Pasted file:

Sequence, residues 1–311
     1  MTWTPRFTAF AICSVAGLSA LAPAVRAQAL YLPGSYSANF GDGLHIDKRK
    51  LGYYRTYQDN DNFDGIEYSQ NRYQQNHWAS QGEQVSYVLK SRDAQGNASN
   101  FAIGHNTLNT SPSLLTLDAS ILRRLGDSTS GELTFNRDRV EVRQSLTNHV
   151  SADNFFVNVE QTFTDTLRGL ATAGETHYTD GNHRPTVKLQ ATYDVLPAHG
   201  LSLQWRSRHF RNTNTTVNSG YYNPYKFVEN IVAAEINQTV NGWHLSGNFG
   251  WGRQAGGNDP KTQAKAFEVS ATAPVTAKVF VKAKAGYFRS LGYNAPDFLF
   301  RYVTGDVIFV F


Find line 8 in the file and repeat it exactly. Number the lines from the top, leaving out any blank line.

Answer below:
   301  RYVTGDVIFV F